Review by Relle
"No, this game is not about an Antarctic toilet"
Return to the world of Warcraft in this excellent expansion pack to one of the best games of 2002. Frozen Throne brings back the excellent storytelling of Warcraft 3 with a few notable improvements to extend its life even farther.
It's hard to rate this, because nothing has changed, really. The character models aren't more detailed (unless you've got a Geforce 4) but considering this game can be run quite fluidly on even a low-brow system like mine, I have to give props to Blizzard for thinking of us folk stuck with a Geforce 2.
The voice actors for all the returning characters are back, so rejoice as they fill your ears with tails of war, treachery and deceit. The regular sounds are back: all the smashing, slashing, explosions and magical 'woo-woo-woo-weee!' I can't say the music struck me as epic, but I'm not complaining. It seems they've also changed the sounds for some buildings and units. Besides, how can you not love Blizzard's comical one-liners?
There's been enough gameplay changes to warrant making this expansion a fully-fledged sequel. Let's start with my favorite, merchant shops. These were the source for mana or health vials back in the original. Now, you can buy all kinds of stuff, including some very powerful weaponry for a large amount of gold. There are also voodoo shops where you can buy those oh-so-nice books to boost a hero's permanent stats.
Now on to the actual game. I could ramble on for a few pages on how Blizzard's tweaked the units and their abilities, but needless to say you'll have to relearn a few strategies now. Naturally the game still focuses on small, effective units rather than the massive armies of Starcraft, so you'll have to be careful on how you manage your units.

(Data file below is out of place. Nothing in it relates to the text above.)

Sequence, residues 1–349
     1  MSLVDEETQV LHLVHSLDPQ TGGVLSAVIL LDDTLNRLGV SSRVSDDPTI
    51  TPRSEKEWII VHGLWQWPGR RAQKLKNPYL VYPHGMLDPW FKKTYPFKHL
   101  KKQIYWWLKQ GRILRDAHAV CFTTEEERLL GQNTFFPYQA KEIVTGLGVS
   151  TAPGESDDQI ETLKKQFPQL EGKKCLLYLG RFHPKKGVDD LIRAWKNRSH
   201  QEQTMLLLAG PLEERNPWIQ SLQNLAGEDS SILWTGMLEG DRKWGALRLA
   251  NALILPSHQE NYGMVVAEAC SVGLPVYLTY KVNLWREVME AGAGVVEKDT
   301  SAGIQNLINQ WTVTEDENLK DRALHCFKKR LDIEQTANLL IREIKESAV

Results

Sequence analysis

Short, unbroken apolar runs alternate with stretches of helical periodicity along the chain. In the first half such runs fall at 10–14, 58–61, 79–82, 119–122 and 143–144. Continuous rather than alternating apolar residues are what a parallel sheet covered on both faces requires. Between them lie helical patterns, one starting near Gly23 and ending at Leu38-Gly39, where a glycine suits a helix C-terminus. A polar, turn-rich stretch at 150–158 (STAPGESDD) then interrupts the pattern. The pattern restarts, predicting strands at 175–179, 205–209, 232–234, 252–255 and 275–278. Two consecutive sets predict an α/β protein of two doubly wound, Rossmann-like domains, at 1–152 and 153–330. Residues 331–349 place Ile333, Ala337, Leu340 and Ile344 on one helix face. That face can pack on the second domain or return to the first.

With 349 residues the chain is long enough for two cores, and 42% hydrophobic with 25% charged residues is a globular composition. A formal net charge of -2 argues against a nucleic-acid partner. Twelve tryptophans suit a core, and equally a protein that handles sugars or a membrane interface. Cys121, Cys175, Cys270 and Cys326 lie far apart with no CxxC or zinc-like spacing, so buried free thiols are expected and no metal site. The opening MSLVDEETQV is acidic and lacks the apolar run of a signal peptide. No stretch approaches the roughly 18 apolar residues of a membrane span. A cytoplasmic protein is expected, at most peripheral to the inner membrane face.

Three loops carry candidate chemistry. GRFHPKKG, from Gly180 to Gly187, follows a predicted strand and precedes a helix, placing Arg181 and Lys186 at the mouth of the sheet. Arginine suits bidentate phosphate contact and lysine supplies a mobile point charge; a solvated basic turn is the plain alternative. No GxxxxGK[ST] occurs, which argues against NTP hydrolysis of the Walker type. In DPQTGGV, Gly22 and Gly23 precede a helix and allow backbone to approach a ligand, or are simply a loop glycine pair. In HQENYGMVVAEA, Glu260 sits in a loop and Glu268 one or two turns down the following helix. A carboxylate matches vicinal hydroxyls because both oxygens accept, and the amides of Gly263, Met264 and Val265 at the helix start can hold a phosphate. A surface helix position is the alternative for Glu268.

There are only three story campaigns this time, but there's also one bonus campaign that focuses on the now-peaceful Orc Horde. Thrall's led his people to a peaceful existence, so you take control of half-orc, half-ogre Rexxar. At first all you do is simple fetch quests made complicated by the many hostile critters in your path. Soon after, you must deal with a mysterious human presence on your borders. This campaign is much more RPG-like rather than RTS, since you start and remain with under a dozen units at your command. Blizzard really pushes the 'small army' idea in this campaign, and they manage to make it very fun. It becomes fairly tedious near the end, since you pretty much become unstoppable thanks to experience and a number of good items. But, how can I complain when Blizzard's promised two additional campaigns, free for download at a later date? Free, man!
As for the regular campaign(s), they bring back the epic storytelling and devious characters of the original Warcraft 3. It starts out slow, but quickly bumps up the plot with more backstabbing and treachery than Survivor. And all through it you've got some of the best maps on which to build, train, and conquer. Add to that a multiplayer experience that is rivaled only by Blizzard's other gem, the almighty Starcraft, and you've got one hell of a game on your hands.
No real reason to go through the single-player campaign more than once, unless you're like me and enjoy reliving the game from the beginning. As for multiplayer...it's Blizzard, man! Battle.net! If you've ever played Starcraft online (or still play it) then prepare to invest that many hours and more into Warcraft 3. Add to that one incredible map editor that lets you produce your own studio-quality levels, and you've got a lot to do before you're done.
Reviewer's Score: 9/10 | Originally Posted: 07/04/03, Updated 07/04/03
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